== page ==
What’s Current? Issue #7 – CA Water Plan ’57, Climate Action Plans ’23, Hydrogen Power, Decentralize Cities

Welcome back for another edition of water and energy facts and observations. This week, we lead off by looking back, offering a link to the document that spawned the most remarkable system of interbasin water engineering in the history of the world. We’ve been living on the returns from that investment for the last 60 years. At first it delivered abundance, but as California’s population teeters around 40 million, it’s time to think big again. For water and for energy, a state as wealthy and innovative as California should be setting an example to the world — not of how to ration resources, but how to achieve sustainable abundance.

The 1957 California Water Plan Part One, Part Two

For a revealing jaunt 66 years back in time, have a look at the original California water plan. To summarize: For $11.8 billion, they planned to build a system of dams and reservoirs, aqueducts and pumping stations, sufficient to divert, store and deliver 50 million acre feet per year to farms and cities. That is an inspiring quantity because it represents a 25 percent increase over what we actually deliver today, and were that higher goal to be achieved, California could preserve its agriculture and expand its cities without rationing. The cost in today’s dollars? About $120 billion. Today, we might find another 10 MAF/year via more enlightened engineering marvels such as off-stream reservoirs, runoff harvesting, wastewater recycling and desalination, but we can do it. Back in 1957, $11.8 billion was 6X the general fund. Today, $120 billion is less than half the general fund. We have the money. We just need the will.

A 2023 “Climate Action Plan.”

Here’s where money for infrastructure ends up, as less actually gets built. Compare this voluminous document to the 1957 Water Plan. Instead of constituting an explicit planning document, applicable to the entire state, it is a draft “roadmap” for Bakersfield, a city of 420,000. If this plan is eventually adopted, it would join with the many permutations of CEQA and countless other state and regional laws and regulations that go too far and cost too much. A distinction should be made when viewing “climate action plans” between recommendations for adaptation and mitigation mandates. It is common sense to build adaptive resiliency into infrastructure. But “carbon accounting” designed to “mitigate” is a brand new genre, riven with subjectivity and conducive to manipulation. Instead of spending millions (okay, billions) on creative accounting, why not just adapt?

America’s Future Cities – A Case for Decentralization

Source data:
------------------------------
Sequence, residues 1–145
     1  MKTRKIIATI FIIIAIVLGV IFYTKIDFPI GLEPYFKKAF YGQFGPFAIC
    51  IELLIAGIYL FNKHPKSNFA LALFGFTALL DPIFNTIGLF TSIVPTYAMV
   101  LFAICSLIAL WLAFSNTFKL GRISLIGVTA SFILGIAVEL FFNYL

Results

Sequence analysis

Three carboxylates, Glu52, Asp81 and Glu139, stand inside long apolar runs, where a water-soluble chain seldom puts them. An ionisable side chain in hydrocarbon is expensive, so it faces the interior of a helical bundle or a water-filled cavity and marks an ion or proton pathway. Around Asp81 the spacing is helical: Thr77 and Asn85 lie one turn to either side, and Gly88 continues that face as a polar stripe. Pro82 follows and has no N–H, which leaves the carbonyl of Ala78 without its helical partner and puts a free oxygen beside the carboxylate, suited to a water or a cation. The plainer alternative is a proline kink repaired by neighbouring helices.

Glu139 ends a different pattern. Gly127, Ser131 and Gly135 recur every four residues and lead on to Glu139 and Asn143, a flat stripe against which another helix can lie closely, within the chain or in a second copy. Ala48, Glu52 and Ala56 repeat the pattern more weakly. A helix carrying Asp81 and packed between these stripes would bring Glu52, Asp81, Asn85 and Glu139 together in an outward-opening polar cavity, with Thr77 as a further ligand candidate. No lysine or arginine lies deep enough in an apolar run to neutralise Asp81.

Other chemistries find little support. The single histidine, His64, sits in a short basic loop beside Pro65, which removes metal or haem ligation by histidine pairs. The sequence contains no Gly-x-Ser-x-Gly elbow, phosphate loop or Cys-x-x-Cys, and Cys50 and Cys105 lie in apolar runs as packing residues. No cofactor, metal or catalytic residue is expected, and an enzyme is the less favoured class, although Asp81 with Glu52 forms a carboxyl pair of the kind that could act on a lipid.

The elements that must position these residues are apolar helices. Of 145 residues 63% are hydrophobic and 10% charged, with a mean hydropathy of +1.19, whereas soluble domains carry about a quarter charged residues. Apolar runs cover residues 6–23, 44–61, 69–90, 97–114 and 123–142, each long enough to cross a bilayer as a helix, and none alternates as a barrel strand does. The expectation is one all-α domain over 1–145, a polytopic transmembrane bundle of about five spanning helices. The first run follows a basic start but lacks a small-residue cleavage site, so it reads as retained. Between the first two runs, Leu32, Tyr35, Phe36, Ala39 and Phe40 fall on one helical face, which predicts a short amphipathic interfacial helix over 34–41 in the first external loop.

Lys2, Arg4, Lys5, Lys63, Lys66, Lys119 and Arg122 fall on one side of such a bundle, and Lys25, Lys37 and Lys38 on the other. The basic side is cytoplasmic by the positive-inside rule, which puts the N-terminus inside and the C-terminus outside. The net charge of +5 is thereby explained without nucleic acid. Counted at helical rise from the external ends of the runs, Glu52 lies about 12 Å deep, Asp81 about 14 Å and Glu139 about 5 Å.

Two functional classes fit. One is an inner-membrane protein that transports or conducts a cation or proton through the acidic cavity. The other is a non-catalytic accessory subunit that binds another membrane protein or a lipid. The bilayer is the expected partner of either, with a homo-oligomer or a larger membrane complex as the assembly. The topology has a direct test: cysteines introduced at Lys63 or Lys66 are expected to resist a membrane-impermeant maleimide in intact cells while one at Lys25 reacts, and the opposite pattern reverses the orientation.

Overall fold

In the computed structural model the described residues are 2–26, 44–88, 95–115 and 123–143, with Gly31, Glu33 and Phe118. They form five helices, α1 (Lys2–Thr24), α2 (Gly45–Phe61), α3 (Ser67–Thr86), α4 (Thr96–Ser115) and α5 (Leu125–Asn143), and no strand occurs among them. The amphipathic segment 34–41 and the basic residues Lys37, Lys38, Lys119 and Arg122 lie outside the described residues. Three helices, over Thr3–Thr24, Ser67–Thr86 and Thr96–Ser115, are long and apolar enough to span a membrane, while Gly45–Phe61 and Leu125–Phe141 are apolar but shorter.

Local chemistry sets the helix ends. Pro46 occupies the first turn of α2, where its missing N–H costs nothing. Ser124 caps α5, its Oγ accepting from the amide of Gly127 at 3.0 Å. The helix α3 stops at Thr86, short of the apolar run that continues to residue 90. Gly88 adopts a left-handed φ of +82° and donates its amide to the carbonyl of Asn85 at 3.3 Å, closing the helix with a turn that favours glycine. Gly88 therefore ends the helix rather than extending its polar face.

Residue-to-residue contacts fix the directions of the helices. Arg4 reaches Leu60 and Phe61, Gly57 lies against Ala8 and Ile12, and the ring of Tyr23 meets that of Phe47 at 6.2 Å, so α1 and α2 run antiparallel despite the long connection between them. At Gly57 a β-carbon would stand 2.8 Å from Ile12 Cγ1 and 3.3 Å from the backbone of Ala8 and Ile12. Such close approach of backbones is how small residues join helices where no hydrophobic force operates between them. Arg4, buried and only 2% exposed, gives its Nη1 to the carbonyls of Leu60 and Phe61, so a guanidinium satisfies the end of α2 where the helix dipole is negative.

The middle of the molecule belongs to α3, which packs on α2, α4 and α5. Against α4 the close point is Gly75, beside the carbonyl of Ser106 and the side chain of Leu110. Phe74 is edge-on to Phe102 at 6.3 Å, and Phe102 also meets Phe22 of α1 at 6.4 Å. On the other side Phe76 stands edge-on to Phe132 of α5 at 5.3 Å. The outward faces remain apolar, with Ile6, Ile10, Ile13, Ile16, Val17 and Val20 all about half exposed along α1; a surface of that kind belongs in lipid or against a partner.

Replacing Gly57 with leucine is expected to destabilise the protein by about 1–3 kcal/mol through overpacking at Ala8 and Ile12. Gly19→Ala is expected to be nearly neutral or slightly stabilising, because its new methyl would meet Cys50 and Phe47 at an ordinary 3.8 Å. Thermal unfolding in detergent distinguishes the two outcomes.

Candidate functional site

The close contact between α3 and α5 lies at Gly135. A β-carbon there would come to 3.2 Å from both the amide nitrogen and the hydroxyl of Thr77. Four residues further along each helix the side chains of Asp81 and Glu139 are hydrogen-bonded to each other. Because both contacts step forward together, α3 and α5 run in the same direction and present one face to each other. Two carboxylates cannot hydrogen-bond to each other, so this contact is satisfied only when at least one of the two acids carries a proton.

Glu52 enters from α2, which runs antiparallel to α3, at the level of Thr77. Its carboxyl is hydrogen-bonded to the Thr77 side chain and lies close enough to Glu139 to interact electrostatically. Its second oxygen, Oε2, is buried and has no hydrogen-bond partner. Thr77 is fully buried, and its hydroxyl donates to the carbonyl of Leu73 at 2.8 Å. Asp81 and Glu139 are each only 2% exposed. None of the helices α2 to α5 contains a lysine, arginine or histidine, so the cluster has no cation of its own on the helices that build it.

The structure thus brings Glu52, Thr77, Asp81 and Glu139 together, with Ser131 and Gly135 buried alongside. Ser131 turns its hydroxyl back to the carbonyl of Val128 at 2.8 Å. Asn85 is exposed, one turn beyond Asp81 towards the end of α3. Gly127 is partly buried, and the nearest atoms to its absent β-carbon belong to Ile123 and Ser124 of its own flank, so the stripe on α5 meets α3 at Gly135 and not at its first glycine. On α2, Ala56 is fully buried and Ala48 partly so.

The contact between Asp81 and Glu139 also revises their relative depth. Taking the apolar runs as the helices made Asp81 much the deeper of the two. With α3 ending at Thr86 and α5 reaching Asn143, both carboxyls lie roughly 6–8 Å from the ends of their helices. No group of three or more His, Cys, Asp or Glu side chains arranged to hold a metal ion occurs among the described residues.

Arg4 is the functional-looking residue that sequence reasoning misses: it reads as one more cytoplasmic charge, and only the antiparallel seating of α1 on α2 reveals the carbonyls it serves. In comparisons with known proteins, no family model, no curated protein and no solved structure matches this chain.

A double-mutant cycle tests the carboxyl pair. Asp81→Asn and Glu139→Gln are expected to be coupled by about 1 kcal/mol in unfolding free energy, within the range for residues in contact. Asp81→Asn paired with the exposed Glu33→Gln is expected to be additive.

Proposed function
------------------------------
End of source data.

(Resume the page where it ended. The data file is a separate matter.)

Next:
Here’s a favorite fact: If ten million people moved to California, moving into homes on quarter-acre lots, four people per home, with an equal amount of space allocated for roads, schools, parks, and retail and commercial areas, it would only use up 2,000 square miles. California’s total urban footprint is only 8,000 square miles in a state 163,000 square miles in size. If we had water infrastructure sufficient to deliver 50 MAF/year instead of the current 40, there’d be more than enough water. Families prefer single-family detached homes. We need to create these beautiful new cities. We need a new way of thinking that embraces and nurtures the aspirations of working families. That is the proper obligation of government.

California needs every transportation option to meet climate goals – including hydrogen

The author gets one thing emphatically correct in this brief guest op-ed for Cal Matters. We sure do need every transportation option. But the absolutist prohibition on anything that emits CO2 is preventing terrific innovation from happening here. Why not natural gas/battery hybrids? Why not advanced hybrids running on blends that incorporate some percentage of carbon neutral combustible fuel? Hydrogen math is not terribly efficient: Electrolysis loses 30 percent turning electricity into hydrogen. An on-board fuel cell loses another 30 percent turning hydrogen back into electricity. That’s 50 percent. A battery’s charge/discharge efficiency? 90 percent.

Adding hydrogen energy to California gas systems is not worth the risk

Not to pile onto hydrogen too much, because all-of-the-above approaches to achieving energy and water abundance are appropriate in this era of rapid innovation and transition, and if anyone can do it, Californians can. But distributing hydrogen is yet another pitfall of this fuel because of its extremely low energy density. Hydrogen, the lightest substance in the universe, burns clean. But its energy per unit of volume is so low that to store practical amounts requires vessels capable of handling 5,000 PSI (or more). For comparison, natural gas only requires storage at 500 PSI (or less). Hydrogen also cannot be easily transported in existing pipelines, both because it requires a higher pressure and because, even when blended with natural gas, it is known to cause “embrittlement and cracking within the pipeline.” We should continue to explore the potential of this clean fuel. But it is not ready for prime time.